the question is how montage can can aid perception, and in particular, for benjamin, the perceptibility of history — to add a ‘heightened graphicness’ to its understanding. the method was to ‘carry over the principle of montage into history. that is, to assemble large-scale constructions out of the smallest and most precisely cut components. indeed, to discover in the analysis of the small individual moments the crystal of the total event. [n2,6]
to realise the critical power of marx’s basic insight – the primacy of the material dimension of history, and its ideological occlusion by capitalist modernity, benjamin proposed to borrow an aesthetic technique from the french surrealists and apply it to the sphere of critical historiography. this extra-ordinary proposal was to translate the method that stuck together otherwise useless or discarded found objects – paper scraps, portions of painted canvas, newspaper, ticket stubs, cigarette butts, buttons, to recover historical fragments using the principle of a constructed montage, by ripping them (via historical research) from their historical context. seeking, in particular, the insignificant, the ‘trash of history’, and mounting them in textual juxtapositions such that they constitute a constellation. history expressed as image.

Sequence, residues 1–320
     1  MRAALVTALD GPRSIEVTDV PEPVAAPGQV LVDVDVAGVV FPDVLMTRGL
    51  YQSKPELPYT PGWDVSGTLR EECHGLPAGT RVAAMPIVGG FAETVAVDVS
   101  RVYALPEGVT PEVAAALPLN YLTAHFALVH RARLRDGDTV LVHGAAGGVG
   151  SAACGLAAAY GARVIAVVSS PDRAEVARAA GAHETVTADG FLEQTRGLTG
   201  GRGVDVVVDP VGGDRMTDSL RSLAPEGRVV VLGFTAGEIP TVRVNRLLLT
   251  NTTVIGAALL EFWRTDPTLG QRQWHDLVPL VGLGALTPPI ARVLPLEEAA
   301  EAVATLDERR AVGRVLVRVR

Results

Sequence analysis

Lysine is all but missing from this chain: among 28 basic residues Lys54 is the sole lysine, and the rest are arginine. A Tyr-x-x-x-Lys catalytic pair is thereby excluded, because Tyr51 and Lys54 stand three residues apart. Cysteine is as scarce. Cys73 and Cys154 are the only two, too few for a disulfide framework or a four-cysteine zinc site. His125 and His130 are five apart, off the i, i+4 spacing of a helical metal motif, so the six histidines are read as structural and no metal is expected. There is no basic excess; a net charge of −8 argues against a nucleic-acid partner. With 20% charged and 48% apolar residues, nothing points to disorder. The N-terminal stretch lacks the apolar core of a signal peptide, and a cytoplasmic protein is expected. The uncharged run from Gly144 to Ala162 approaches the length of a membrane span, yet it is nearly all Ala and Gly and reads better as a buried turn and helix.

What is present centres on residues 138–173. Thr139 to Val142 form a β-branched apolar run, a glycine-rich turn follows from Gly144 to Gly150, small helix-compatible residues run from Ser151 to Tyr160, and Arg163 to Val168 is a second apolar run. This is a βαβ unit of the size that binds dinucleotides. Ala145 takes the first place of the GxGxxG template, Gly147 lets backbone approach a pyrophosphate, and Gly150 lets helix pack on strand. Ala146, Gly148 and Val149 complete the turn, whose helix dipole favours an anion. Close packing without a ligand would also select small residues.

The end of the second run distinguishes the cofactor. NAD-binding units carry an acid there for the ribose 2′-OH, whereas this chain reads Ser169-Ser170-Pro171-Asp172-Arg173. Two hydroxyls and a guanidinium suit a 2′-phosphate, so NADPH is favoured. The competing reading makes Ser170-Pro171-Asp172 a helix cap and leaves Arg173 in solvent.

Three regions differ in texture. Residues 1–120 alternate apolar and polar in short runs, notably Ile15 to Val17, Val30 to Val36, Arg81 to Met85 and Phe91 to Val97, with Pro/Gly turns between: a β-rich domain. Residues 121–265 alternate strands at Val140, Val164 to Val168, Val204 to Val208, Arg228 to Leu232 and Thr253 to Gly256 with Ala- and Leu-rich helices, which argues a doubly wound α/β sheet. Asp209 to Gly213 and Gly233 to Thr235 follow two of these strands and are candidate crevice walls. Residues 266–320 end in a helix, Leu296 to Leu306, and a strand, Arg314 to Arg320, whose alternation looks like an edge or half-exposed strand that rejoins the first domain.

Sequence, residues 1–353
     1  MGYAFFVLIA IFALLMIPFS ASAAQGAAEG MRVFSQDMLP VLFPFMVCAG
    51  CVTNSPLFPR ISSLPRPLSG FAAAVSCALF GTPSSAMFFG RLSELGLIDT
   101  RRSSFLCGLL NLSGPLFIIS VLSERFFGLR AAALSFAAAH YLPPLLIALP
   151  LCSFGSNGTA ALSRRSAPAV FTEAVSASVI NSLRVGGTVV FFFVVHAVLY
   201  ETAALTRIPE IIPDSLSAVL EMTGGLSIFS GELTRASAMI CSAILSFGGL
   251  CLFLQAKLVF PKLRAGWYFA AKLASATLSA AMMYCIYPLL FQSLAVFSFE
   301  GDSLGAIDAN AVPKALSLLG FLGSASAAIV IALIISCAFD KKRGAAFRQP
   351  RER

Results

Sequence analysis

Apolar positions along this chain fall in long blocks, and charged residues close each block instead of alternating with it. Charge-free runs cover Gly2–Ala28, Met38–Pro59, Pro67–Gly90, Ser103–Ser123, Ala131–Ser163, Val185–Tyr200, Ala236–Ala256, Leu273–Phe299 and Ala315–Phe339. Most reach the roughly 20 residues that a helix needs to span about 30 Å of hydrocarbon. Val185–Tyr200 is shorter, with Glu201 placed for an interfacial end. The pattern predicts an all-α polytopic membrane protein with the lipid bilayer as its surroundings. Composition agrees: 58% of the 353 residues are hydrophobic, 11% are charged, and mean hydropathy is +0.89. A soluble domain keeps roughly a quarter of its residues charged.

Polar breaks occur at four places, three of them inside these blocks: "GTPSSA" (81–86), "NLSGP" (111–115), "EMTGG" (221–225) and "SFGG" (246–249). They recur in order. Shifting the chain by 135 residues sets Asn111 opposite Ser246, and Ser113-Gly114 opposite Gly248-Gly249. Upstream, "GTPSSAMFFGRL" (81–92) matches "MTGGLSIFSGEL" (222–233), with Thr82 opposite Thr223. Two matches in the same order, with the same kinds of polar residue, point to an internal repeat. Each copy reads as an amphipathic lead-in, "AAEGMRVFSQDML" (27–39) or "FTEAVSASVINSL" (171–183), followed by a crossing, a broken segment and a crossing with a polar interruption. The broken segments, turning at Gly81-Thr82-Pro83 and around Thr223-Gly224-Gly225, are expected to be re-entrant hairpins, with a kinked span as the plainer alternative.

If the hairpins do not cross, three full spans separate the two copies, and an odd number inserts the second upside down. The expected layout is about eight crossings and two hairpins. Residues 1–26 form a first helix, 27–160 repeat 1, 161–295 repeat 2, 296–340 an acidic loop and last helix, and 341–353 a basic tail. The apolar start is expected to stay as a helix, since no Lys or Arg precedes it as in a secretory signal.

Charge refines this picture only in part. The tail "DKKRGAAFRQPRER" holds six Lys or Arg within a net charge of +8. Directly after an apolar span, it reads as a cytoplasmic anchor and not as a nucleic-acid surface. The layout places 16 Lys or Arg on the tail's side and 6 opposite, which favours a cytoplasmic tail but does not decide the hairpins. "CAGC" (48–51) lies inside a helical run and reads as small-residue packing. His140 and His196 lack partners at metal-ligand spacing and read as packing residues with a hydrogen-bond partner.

the surrealists’ inquiry into the possibilities for the irrational embellishment of the city might be considered an analogical strategy, an attempt to effect a radical break with the historicism of the third republic through a leap into the present. although the surrealists lacked an explicit theory of revolution comparable to that of benjamin, the surrealist image had provided benjamin with a prototype for the ‘dialectical image’.
this interpretation would also have the shocking consequence of obliging an entirely new interpretation of the material culture from which they were wrested, and the relationship of that material culture to the present moment. the formerly insignificant fragments, rescued and redeployed in a critical text, would shatter the ‘philosophy of history’ that determined them as insignificant